The “rho” – A Mathematical Diversion

Mathematics, Strategy

July 27, 2007

Got nothing better to do? Here’s something to keep you entertained. I promise this will get to the subject of poker strategy in a future post, but for now I’m hoping your love of mathematics will keep you riveted. This works OK as a thought experiment, but if you’ve got time on your hands I suggest you actually try it. Here we go!

Take a standard piece of lined paper and number it down the left side starting at 1 and going until you run out of lines. Then fold it vertically (or as my 1st grade teacher used to say, like a hotdog) a couple of times to create a number of columns. Four is about right. Eight is probably too many unless you’re really bored. Now, in the seccond column, on each line write one number between 1 and the highest number you got to in the first column. You can select which number to put on a given line by any means you like as long as it’s in that range. You can pick as randomly as you can manage (or roll dice), use every number once, put ‘7’ on each line or put the numbers in reverse order. Whatever floats you boat.

Now repeat this process in however many columns you have left. In each column, choose some different scheme for assigning numbers to the lines.

Now, here’s the experiment. The left column contains line numbers. Pick one line (doesn’t matter which), put your pencil there, and put a little tick mark there to indicate you’ve been to that line. Then look in column two on that line, treat the number you see there as a line number, and move your pencil to that line. Mark it off and repeat the process.

What happens? Eventually you end up going in circles. You’ll know this because you get back to a tick mark. At that point you can loop around for a while, but it should be pretty clear that you’re not going to visit any more numbers, just the same ones over and over again. When you’re convinced of this, stop. You’ve encountered something called a “cycle”.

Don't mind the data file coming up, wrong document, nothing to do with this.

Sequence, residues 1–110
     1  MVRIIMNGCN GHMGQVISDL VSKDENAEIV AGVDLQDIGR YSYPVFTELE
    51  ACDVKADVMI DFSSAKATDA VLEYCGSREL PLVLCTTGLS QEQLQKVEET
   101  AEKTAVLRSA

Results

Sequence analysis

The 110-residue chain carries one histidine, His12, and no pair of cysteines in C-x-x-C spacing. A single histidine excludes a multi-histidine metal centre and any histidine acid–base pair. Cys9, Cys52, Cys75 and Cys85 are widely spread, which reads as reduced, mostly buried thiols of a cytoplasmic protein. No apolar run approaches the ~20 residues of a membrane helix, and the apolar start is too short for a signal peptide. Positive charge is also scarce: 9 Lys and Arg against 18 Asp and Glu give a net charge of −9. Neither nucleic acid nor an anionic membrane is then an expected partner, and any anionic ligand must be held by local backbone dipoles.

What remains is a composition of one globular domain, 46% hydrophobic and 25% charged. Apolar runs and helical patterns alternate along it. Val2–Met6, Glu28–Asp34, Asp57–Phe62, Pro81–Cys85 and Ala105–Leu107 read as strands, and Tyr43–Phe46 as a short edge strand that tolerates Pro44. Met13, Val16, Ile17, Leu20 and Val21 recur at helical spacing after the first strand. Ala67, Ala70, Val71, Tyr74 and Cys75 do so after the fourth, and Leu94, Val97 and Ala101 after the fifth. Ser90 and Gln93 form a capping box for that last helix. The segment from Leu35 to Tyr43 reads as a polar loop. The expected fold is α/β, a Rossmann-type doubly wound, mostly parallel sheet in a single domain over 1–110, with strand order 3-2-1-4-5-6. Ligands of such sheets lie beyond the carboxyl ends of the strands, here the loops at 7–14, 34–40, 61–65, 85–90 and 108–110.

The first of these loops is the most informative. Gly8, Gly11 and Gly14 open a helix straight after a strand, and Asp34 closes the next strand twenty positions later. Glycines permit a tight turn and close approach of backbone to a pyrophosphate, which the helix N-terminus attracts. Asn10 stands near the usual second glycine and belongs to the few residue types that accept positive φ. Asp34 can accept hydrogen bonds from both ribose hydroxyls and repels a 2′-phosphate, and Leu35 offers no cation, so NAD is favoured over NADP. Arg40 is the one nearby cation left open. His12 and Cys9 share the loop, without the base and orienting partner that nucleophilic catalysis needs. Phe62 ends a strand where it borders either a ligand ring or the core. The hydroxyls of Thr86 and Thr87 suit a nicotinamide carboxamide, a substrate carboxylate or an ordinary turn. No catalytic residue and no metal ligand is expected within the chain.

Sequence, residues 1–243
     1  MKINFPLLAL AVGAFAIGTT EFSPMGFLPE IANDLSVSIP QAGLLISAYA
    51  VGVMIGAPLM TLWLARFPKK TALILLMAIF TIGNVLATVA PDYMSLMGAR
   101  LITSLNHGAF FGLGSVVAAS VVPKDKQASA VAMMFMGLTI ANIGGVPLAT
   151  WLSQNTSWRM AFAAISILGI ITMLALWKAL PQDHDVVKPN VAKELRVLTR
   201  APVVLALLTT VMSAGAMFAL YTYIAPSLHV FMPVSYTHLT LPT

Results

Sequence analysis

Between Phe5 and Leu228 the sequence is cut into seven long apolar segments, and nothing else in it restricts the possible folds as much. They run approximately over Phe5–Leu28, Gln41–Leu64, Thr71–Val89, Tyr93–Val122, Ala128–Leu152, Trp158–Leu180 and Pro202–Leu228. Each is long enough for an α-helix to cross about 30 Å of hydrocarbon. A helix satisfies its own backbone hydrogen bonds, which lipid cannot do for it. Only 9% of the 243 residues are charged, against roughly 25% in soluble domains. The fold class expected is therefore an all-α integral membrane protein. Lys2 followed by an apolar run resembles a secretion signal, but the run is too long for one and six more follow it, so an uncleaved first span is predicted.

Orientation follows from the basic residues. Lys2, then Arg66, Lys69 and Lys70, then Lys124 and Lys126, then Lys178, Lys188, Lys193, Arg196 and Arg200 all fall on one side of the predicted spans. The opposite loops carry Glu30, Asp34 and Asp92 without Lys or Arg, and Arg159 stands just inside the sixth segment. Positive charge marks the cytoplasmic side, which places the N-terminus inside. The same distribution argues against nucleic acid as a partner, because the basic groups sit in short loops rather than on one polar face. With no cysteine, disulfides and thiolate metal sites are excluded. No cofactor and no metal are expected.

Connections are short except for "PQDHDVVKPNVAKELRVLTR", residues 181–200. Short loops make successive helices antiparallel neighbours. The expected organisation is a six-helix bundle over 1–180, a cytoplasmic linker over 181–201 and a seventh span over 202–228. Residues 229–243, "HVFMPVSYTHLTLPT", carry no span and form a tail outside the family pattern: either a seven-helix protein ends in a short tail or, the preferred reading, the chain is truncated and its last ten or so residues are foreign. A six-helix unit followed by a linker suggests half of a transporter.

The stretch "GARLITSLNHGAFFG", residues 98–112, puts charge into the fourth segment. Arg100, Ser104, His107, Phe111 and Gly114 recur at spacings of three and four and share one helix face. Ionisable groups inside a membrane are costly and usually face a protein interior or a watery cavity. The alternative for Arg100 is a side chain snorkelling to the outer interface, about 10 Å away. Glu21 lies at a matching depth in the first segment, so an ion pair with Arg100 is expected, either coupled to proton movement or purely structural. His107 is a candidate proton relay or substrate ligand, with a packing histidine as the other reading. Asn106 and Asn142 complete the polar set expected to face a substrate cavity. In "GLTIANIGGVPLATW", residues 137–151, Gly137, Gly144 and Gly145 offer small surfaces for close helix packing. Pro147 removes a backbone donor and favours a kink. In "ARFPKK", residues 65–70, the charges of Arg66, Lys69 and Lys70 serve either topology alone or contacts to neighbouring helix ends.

Now erase your tic marks and try again. Instead of using column two, you can use another one you prepared (you’ll always use column one as the line numbers), start on a different line, etc. to get some variety and excitement in your life.

Now one more little experiment: get another piece of paper. As you step through the lines, for each line draw a small circle with the line number written in it and connect the circles with arrows as you progress. When you get to the step that goes back to a line you’ve been to, draw an arrow back to that circle instead of creating a new one with the same number. At that point you’re done. You should end up with something that looks like an overly mathematical sperm.

So what’s the point here? Several things:

  • Each an every time you do this, you get stuck in a cycle. It’s unavoidable. This is a direct consequence of the pigeonhole principle with steps being pigeons and lines being holes.
  • When you end up back at a line you’ve been to before, it’s usually not the line you started on. This is obvious when you draw the structure out on paper – you get a “tail” that’s not in the cycle, and a “head” that is.
  • There are two degenerate structures – a head with no tail which can be achieved by putting “2” on line 1, “3” on line 2 and so on and “1” on line N and a head with only one element that loops back on itself, which can be created by putting a number on it’s own line.

These structures, drawn out, are sometime referred to as “rhos” because of their visual similarity to the Greek letter of the same name. They have something to do with poker strategy too, and I’ll get to that in my next post.

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